Starbucks and Barilla pasta demonstrated once again the travails of plunging into the roiled waters of emotional social issues.
With a nudge from Moms Demand Action for Gun Sense in America, Starbucks CEO Howard Schultz asked his latte-sipping customers to leave their guns at home, which prompted gun-toters to rush to the nearest coffee shop and take a selfie of them toting. One Facebook posting showed a guy with an assault rifle sucking up a grande drink, accompanied by his girlfriend wearing a Starbucks T-shirt.
Without a nudge, Chairman Guido Barilla told a reporter he wouldn't use a gay family in his advertisements because "the concept of the sacred family remains one of the basic values of the company." His comments spread through social media and triggered threats of a #BoycottBarilla. One of the first calls Barilla may have received could have been from Dan Cathy, CEO of Chick-fil-A, who earned a similar boycott for a similar comment.
Neither plunge into troubled waters will likely have a lasting effect on either consumer giant, but the episodes show what can happen when you enter those waters. You better know how to swim in rough currents.
Schultz is no stranger to the culture wars. He has taken positions in support of gay rights and led a business effort to hire more Americans to speed economic recovery. It wasn't a huge surprise he would enter the gun control minefield. After all, Starbucks says it sells an experience, not just coffee. A lot of people may not be comfortable reading the morning paper or working on their laptop next to someone packing heat.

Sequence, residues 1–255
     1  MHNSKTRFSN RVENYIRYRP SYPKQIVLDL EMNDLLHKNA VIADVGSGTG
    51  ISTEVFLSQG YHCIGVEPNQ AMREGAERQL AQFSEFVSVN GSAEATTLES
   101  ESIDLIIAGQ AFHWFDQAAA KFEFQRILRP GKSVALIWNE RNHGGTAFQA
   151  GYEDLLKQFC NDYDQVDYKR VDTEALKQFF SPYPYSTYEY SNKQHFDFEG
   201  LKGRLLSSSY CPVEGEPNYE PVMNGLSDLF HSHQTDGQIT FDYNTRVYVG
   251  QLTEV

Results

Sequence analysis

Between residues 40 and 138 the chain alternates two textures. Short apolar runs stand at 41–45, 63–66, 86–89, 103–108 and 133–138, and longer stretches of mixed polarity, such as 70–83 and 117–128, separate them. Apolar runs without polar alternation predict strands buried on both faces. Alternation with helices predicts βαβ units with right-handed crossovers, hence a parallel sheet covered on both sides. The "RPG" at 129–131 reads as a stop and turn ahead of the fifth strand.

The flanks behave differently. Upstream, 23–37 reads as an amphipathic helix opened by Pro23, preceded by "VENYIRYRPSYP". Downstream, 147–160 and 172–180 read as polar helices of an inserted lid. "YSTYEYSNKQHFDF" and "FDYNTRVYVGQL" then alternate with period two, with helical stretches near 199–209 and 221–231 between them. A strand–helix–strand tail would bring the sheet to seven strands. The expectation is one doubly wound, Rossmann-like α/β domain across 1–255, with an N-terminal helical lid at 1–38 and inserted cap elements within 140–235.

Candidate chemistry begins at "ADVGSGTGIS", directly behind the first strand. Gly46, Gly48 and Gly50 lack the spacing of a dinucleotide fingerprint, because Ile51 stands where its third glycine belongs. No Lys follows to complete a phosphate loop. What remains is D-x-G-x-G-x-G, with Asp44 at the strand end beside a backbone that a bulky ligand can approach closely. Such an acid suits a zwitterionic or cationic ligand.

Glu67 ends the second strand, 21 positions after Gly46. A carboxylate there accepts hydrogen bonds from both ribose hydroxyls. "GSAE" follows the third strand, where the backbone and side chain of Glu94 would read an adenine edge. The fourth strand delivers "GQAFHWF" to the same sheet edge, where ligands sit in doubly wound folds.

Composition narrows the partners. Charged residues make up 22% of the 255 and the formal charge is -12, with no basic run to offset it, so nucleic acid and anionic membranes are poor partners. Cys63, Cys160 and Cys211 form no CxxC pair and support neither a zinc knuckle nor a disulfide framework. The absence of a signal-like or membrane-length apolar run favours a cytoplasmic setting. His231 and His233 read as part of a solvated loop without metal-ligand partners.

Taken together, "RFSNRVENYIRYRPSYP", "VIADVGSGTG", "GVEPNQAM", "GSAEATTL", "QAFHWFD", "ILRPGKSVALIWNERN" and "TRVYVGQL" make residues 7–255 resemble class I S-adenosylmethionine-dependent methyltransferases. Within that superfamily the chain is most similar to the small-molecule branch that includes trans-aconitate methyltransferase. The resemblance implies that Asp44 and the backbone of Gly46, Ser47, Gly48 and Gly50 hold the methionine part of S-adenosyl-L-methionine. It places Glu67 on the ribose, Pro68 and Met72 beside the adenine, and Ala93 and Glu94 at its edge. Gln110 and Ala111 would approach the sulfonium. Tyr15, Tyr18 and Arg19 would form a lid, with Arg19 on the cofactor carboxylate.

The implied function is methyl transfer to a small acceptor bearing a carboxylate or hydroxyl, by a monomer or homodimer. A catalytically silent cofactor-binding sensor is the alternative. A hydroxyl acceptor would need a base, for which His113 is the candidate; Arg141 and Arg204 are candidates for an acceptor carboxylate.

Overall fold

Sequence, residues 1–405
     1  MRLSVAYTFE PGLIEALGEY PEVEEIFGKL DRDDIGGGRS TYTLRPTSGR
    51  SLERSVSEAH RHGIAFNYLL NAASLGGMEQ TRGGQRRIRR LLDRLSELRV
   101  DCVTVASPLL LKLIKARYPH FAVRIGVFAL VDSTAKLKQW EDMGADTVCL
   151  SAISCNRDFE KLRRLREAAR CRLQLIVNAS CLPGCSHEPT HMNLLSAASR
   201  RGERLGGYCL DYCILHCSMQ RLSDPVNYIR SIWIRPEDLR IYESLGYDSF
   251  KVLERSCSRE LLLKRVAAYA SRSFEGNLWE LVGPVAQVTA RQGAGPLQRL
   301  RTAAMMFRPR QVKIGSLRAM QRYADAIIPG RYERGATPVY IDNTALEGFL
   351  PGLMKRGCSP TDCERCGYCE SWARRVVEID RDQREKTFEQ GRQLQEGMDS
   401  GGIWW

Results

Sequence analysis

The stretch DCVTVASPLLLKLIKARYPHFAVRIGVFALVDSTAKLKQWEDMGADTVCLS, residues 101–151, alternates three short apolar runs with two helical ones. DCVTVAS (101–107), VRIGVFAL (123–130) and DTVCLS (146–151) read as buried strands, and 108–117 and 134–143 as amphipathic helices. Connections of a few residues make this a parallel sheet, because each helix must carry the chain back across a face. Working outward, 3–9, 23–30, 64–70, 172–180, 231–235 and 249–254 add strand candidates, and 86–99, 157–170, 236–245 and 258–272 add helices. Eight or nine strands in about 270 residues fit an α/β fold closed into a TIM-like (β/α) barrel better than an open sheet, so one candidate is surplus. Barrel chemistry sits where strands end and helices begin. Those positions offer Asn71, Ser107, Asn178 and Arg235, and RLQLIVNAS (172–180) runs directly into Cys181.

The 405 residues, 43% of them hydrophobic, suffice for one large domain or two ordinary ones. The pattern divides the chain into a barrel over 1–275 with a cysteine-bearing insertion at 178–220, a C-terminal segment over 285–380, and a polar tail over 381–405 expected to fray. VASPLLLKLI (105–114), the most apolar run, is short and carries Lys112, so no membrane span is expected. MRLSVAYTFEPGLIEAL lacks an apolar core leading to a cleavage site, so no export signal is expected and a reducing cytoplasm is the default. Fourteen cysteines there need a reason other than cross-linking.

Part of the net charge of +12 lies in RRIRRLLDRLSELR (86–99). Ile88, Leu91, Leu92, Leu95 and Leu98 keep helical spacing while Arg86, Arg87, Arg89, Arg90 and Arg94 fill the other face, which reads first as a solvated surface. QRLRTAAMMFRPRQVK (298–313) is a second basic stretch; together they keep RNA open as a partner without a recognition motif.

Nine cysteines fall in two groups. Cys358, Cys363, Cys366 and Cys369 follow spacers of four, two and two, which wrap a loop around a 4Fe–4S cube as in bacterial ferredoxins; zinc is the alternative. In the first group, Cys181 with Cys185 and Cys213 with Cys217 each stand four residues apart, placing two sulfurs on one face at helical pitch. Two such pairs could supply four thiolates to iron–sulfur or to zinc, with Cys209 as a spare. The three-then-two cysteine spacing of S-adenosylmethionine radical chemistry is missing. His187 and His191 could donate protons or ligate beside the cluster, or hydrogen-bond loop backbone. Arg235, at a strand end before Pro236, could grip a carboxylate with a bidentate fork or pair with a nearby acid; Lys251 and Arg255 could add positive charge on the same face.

Barilla's comments seemed like an unnecessary provocation. Surely he could have come up with a more deft dodge to a question about why Barilla wasn't helping to change the stereotypical image of women in Italian advertising. In the interview, Barilla explained why women are important in his pasta ads, then noted he "respected everyone," expressed support for gay marriage, but opposed gay adoption. His answer turned into red meat bait for gay rights and their political supporters.
The immediate reaction to these kinds of comments isn't the whole story. The group formed after the Newtown, Connecticut school shootings was energized by the Schultz "victory" and immediately targeted other major corporations, including Staples, which has experienced incidences of gun violence inside its stores. That, in turn, redoubled efforts by gun owners to increase their counter-pressure.
For Barilla, the next domino to fall is less clear. Chick-fil-A survived its boycott and may have even picked up its business little. However, it is a company with a clear conservative demographic. Barilla markets its pasta more broadly. Given the surfeit of other pasta brands, a boycott could hurt its business, both in Italy and the United States, where it opened a pasta plant in the Rochester, New York area in 2007.
There is no simple answer about whether to jump off the pier or stay on shore. One thing is clear, however; you better have lifesaving skills to avoid being swallowed up by swirling currents of public opinion. There is no excuse for falling overboard thoughtlessly.